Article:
Monday, February 23, 2009
Help Me Howard: Bank won't help
If you own a home, if you are struggling to make your mortgage payments, you are not alone. At Help Me Howard we are hearing from hundreds of people who want to re-work their mortgages and can't get their banks to help or even listen. But now that those banks are getting federal bailouts, do they have to try to help you? Here is tonight's Help Me Howard with Patrick Fraser.
WSVN -- You may have heard of this before. Thirty years ago all of Jeff Goldens family lived in New York.
Jeff Golden: "My brother came, then I came, my parents, my sister, we're all here."
Jeff was doing great. In the 90s he bought this house, watched the value soar, then refinanced and used the equity to open a business.
Jeff Golden: "And the business failed. A lot of the equity in the house went toward the business, and then of course, the market turned around, and then you end up upside down."
To make matters worse, Jeff lost his job, so he called his bank to see if he could re-work his loan.
Jeff Golden: "Tried to work with the bank, they didn't want to hear it, said you had to go late. Then they'd work with you."
Jeff missed four mortgage payments to become late and called the bank to get to work.
Jeff Golden: "Went late, now they won't work with you."
And that is Jeff's problem in a nutshell. He just can't get anywhere with his bank.
Jeff Golden: "I filled out the paperwork, faxed it to them, and now I'm still waiting to hear, haven't heard back from them."
Patrick Fraser: "Communication not their strength?"
Jeff Golden: "Evidently not."
Actually, Jeff sent the same paperwork in twice, and finally the bank did respond with a letter telling him to catch up in February, or else.
Jeff Golden: "If you don't pay this $5300 and change, you know, we're going to start foreclosure proceedings."
Jeff now has a job again and offered to pay part of the back payments.
Jeff Golden: "They told me they won't take a partial payment either."
Jeff does not want the bank to forgive the back payments, just move them to the end of his mortgage, so he can start making payments again and save his house.
Jeff Golden: "I guess I'm dumbfounded by it. I mean, why wouldn't they want to work with you?"
Further frustrating Jeff, his mortgage is with CitiBank, which got a $20 billion bailout from the federal government, and he can't get them to even pay attention to him.
Jeff Golden: "Yet, they've all got their money, have their big bonuses and yet people are still struggling keeping in their homes."
Bottom line, Jeff has begun to believe, he can't beat the bank.
Jeff Golden: "I've actually got it in my head that I am going to have to leave this house."
But with banks getting billions from the taxpayers, do they legally have to turn around and work with the taxpayers who want to find a way to pay their mortgage and save their house from foreclosure, Howard?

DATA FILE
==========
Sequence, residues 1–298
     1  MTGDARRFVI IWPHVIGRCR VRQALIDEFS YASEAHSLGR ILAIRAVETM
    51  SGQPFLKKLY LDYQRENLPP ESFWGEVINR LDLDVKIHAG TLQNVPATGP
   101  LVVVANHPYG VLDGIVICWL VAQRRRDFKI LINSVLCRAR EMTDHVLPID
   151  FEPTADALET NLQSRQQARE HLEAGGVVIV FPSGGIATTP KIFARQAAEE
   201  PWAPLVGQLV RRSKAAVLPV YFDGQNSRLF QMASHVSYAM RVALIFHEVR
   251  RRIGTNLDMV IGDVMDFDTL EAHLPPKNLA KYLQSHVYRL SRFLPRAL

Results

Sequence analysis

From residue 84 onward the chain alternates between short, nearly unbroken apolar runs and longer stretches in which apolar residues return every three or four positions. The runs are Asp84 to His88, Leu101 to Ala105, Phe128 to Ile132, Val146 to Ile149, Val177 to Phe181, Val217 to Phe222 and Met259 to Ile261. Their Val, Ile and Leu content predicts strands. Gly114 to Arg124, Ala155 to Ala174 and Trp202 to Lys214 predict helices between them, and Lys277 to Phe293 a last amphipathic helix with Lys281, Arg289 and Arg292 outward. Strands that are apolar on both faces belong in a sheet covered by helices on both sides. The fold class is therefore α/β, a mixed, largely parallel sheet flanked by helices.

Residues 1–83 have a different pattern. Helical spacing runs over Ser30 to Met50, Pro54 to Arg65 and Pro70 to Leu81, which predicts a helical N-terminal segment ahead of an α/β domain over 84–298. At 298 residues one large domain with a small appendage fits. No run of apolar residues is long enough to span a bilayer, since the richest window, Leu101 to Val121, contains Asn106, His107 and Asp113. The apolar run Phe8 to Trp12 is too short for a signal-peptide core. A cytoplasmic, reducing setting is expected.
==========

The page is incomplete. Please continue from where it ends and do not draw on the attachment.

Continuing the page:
Howard Finkelstein: "Legally, a bank does not have to work with you at all, but unique things are at work here. Banks have to start helping their customers because Congress and the president are going to require it if the financial institutions want government assistance to get out of this mess."
Before the Obama plan was even announced, Jeff's lender stepped forward. When I called Citi they said they would see what they could do, and they did. Citi agreed to stop Jeff's foreclosure for up to six months, that there would be no penalties, no late fees, and in six months, they would see what modifications he qualifies for in his loan.
All Jeff has to do is pay $200 a month to keep his escrow account current, and in this case, the time will really help Jeff.
Howard Finkelstein: "The great news for Jeff and other people struggling to keep their homes, in a few months the details of President Obama's plan to rescue homeowners from foreclosure will be sorted out. It won't save everyone, but people like Jeff trying to keep his home, should get help."
Jeff doesn't know the details of Obama's plan, but as a struggling homeowner, he knows if it does work, it will certainly help people like himself.
Jeff Golden: "It would open up the gates. People would have less of a mortgage, car payments paid off, and then they can start buying again."
I am dumbfounded by the number of people we hear from in the same boat as Jeff. Right now, Howard says you can't tell people facing foreclosure specifically what to do because the plan to save homes coming from Washington is not finalized. Advice today may be dated tomorrow. Just be patient and wait a few days till struggling homeowners know all the details, and remember some people will get help, others won't.
Struggling to block a problem from foreclosing on you? Don't mortgage your future, bank on us. We don't do stimulus plans, but we will try to bail you out at no cost to you.
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